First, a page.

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13 of France’s best hiking and cycling routes

There’s no better way to explore the great French countryside than on foot or on two wheels. Fortunately, walkers and cyclists are well-catered for - here are our recommendations for the best routes (one for each region).

13 of France’s best hiking and cycling routes
Not all the walks are quite as intimidating as the notorious GR20 in Corsica. (Photo by Pascal POCHARD-CASABIANCA / AFP)

Grand Randonees, local walks and vélo routes – France is full of them. In fact, it is estimated that there are 100,000 kilometres of walking trails in France, crossing the country in all directions offering spectacular views, lungfuls of fresh air and a beauty-filled and accessible way to keep fit and healthy.

We’ve selected 13 walks and cycle routes, one from each region, ranging from the gentle and easy to the incredibly difficult. There’s even a donkey in one of them;

Auvergne-Rhône-Alpes

Chemin de Stevenson hiking trailThe GR70 is the unprepossessing official name of an epic route also known as The Stevenson Path, named in honour of the Scottish author Robert Louis Stevenson, who travelled along it in 1878 and wrote about it in his book Travels with a Donkey in the Cévennes (the donkey was called Modestine, by the way). 

It runs roughly north-south for 272 km from Puy-en-Velay to Alès, crossing through the Haute-Loire, Ardèche, Lozère, and Gard departments, although obviously you don’t have to do the whole 272km in one go.

The Association Sur Le Chemin de Robert Louis Stevenson promotes the trail and maintains an accommodation list.

Brittany

Sentier des douaniers hiking trail  – A well-known route steeped in history, salt and sea spray. GR34 – to give it its official route name – starts from Mont-Saint-Michel and ends in Saint-Nazaire, following the stunning Brittany coastline out to Brest at the western tip and then back east.

It (mostly) follows old customs paths (hence the name which means customs officers’ path), in use up to the early 20th century, that allowed officers to patrol the coast from their guardhouses, which were at key observation points on the Brittany coast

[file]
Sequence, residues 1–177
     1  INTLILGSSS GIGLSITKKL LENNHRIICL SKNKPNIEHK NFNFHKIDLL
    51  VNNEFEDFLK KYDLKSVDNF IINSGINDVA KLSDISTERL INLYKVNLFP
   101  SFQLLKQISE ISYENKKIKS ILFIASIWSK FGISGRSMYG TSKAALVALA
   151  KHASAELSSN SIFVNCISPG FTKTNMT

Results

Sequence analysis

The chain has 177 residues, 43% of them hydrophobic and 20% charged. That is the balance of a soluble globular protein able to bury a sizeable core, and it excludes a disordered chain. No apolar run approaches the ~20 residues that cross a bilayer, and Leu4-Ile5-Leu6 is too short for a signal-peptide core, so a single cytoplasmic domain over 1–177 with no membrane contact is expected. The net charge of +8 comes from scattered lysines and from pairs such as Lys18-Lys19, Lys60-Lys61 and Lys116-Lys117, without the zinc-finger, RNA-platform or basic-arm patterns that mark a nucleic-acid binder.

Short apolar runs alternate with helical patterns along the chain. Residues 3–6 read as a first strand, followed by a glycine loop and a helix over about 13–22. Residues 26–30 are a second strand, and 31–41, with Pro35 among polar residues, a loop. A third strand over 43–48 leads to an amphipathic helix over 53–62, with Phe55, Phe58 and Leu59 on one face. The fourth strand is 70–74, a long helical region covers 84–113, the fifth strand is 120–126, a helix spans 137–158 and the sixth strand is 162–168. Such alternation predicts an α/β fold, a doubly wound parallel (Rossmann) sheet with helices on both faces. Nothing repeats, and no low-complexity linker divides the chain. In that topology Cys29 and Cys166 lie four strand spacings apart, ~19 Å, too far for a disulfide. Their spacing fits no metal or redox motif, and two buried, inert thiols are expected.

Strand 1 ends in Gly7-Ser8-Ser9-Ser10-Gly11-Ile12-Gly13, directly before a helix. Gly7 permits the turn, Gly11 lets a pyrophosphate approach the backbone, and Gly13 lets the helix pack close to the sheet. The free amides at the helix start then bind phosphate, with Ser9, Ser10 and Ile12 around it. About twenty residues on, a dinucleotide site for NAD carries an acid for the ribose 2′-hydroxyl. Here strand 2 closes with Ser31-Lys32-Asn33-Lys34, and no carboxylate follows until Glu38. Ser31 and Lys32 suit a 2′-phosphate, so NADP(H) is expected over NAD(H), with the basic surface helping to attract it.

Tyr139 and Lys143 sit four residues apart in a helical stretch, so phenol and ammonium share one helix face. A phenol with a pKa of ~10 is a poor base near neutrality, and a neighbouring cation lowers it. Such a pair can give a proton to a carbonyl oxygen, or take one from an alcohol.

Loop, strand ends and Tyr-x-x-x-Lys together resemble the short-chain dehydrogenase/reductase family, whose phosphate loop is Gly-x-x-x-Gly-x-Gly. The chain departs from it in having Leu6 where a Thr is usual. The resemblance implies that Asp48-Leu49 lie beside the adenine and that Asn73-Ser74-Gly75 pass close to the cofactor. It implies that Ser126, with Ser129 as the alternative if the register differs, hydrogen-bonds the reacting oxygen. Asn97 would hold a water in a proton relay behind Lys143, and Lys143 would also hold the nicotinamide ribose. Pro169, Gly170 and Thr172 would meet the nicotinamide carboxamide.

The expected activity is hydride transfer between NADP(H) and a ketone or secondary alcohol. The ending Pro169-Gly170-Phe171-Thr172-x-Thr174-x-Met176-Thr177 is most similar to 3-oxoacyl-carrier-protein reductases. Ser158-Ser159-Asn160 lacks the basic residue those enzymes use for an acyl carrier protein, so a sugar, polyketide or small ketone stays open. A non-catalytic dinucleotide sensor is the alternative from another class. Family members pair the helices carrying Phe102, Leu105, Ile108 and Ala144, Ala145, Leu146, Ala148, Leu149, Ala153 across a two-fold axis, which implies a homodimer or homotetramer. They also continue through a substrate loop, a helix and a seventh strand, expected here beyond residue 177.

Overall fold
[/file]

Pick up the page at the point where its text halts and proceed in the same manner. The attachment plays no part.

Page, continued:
Bourgogne-Franche-Comté

Voie des Vignes cycle pathFrom Beaune to Santenay to Nolay, the 22km Voie des Vignes (Way of the Vines) meanders its gentle way along vineyard paths, crossing the Unesco World Heritage-listed Climats of Burgundy.

Ideal for a family day out in the fresh air, or as a way of working up an appetite for some of Burgundy’s most famous produce.

Centre-Val de Loire

La Vallée du Loir cycle path – This 330 km cycle path (the V47) starts at the source of the river between Beauce and Perche and ends of the banks of Loire at Angers.

If you still have some energy left, however, you can keep going because at this point it joins up with the older La Loire à Velo cycle path.

Corsica

The GR20 hiking trailNot for the faint-hearted, this one. The GR20 – so hard it doesn’t even get a friendly name – is recognised as one of France and Europe’s most difficult hiking challenges, running 180km from Calenzana in the North to Conca in the South.

The full route takes about 16 days to walk, and features steep climbs and descents in the north and tricky exposed ridges further south. You do get to enjoy the gorgeous and dramatic landscape of Corsica while you do it, however.

Grand-Est

La Meuse à vélo cycle path – The Meuse Cycle Route – EuroVelo 19 – follows one of the most important rivers in Europe and welcomes cyclists of all levels. 

It runs from the plateau of Langres via Hoek van Holland to Rotterdam, offering ever-changing scenery, with charming towns and villages on both banks of the river. In total the path is 1,050km long and takes in France, Belgium and the Netherlands.

Hauts-de-France

Sentier du Littoral hiking trailIt’s officially known as the GR120, and its more prosaic name is no more inspired – Sentier du Littoral translates as Coastal Path – but this trail, which stretches along the Côte d’Opale, from the Belgian border to Berck-sur-Mer offers breathtaking views of the Baie de Somme.

Ile-de-France